The ERA ‘96 S1 provides that when an employee begins employment with an employer, the employer shall give to the employee a written statement of particulars of employment. Also S4(c) provides that the Statement shall contain “any terms and conditions relating to hours of work (including any terms and conditions relating to normal working hours”. This is applicable in Georgia’s case because upon taking up the employment she was employed to work 9am-5pm Mondays to Fridays.
A contract of employment is in law an agreement between an employer and an individual employee. Any variation to the contract needs the employees’ agreement. However, an employer and employee can agree, either expressly through a clause or reference in the employee’s contract, or through an implied term, that relevant changes in terms and conditions can be negotiated by a trade union(s) on the employee’s behalf. This may be the case whether or not the employee is a member of the recognized trade union(s). Variations to the contract can be agreed verbally or in writing. It is preferable for any agreed changes to be in writing.1
If an employer imposes a new contract unilaterally the employer will be in breach of contract and the employees may well make legal claims against the company for constructive dismissal if the breach is fundamental and significant.
The management is liable for breach of contract in this case. The new contract was made unilaterally and imposed on Georgia by changing her working hours to 7am-3pm including Saturdays.
The management should have had a meeting with her explaining that her working hours will be changed, only when there is a collective agreements can the management vary her contract and these agreement should be written.
Morgan v Network Europe Group Ltd2 - variation of contract could not be implied and so new term was not effective. Agreement by an employee to an employer's unilateral variation of contract will not be lightly inferred. The fact that she continues working is not by itself enough to automatically mean that she must be treated as having accepted the change. This is applicable in Georgia’s case the fact that she continued working must not be treated as having accepted the change.
For the management to avoid future occurrence the employer can insert in the contract express terms which allow an employer to make changes to employees’ terms and conditions. The flexibility clauses may be quite specific or they may include a general power to allow the employer to change the contract terms.Where an agreement cannot be reached the existing contract can be terminated with proper notice and then offer a new contract with the revised terms.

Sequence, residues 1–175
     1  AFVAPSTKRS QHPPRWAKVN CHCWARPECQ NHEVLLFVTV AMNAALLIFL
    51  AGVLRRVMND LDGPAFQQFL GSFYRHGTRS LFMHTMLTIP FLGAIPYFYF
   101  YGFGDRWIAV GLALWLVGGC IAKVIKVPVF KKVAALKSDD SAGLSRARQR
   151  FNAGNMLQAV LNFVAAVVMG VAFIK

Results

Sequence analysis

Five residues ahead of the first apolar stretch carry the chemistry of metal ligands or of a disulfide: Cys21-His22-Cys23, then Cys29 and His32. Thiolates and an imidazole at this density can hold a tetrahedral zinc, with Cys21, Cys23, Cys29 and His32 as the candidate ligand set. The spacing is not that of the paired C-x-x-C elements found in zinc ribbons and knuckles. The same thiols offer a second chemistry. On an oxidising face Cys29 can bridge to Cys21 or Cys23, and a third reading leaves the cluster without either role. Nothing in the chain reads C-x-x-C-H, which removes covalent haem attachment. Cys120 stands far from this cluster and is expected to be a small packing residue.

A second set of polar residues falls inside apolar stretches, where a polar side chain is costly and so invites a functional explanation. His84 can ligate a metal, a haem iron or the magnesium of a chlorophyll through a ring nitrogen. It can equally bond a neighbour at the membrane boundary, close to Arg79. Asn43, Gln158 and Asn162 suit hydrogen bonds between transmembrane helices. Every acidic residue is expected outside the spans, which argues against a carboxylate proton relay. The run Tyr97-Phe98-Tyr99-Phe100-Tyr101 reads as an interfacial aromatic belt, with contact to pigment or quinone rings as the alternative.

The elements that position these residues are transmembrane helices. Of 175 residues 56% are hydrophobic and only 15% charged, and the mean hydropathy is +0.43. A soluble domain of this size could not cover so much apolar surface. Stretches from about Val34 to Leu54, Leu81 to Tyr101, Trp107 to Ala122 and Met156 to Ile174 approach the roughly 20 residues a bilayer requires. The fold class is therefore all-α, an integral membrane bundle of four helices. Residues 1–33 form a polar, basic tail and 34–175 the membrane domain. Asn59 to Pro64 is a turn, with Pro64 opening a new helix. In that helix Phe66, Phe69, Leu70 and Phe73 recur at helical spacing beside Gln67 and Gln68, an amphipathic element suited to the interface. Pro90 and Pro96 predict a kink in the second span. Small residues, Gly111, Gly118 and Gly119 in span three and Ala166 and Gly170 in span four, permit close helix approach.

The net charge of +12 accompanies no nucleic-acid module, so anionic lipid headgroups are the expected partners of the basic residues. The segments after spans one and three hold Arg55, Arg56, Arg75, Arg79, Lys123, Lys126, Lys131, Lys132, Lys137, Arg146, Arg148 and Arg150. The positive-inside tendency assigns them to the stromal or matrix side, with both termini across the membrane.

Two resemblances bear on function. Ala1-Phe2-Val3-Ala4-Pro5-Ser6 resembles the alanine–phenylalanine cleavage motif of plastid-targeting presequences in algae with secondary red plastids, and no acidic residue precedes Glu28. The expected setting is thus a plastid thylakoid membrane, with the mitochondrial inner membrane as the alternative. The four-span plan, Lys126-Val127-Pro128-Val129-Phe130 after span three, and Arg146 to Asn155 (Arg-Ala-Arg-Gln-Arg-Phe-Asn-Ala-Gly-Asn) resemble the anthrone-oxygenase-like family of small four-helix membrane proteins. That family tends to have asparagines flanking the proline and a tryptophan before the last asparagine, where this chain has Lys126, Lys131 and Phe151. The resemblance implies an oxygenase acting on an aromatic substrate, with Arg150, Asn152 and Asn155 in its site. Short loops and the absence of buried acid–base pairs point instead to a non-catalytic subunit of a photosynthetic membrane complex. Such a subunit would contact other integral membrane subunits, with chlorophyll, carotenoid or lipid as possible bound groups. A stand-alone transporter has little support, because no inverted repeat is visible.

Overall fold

ERA ’96 S.139 of the act defines Redundancy and E+W+Ss. 86 of the employment act provides that the minimum of 1 week notice should be given if the employee has worked for more than a month, after 2 years 2 weeks up to a maximum of 12 weeks.
The reasons the management took for making the 25 staff redundant does not fall under S139. The management did not issue any notice to the 25 staff that were made redundant which is a statutory requirement. They were only given letters when they turned up for work and could not get through security barrier. Nothing prevents the employer for paying in lieu of notice if it is expressly provided for on the employment contract, staff handbook e.t.c.
S.94 provides that an employee should not be unfairly dismissed by the employer. S. 95 (1) (a) provides that an employee is dismissed by the employer if the contract under which he is employed is terminated by the employer (whether with or without notice). In this case the 25 employees were unfairly dismissed because notice was issued to them.
Employers should consult affected employees regarding the selection criteria. The criteria must be consistently applied and be objective, fair and consistent. Basing any selection on skills or qualification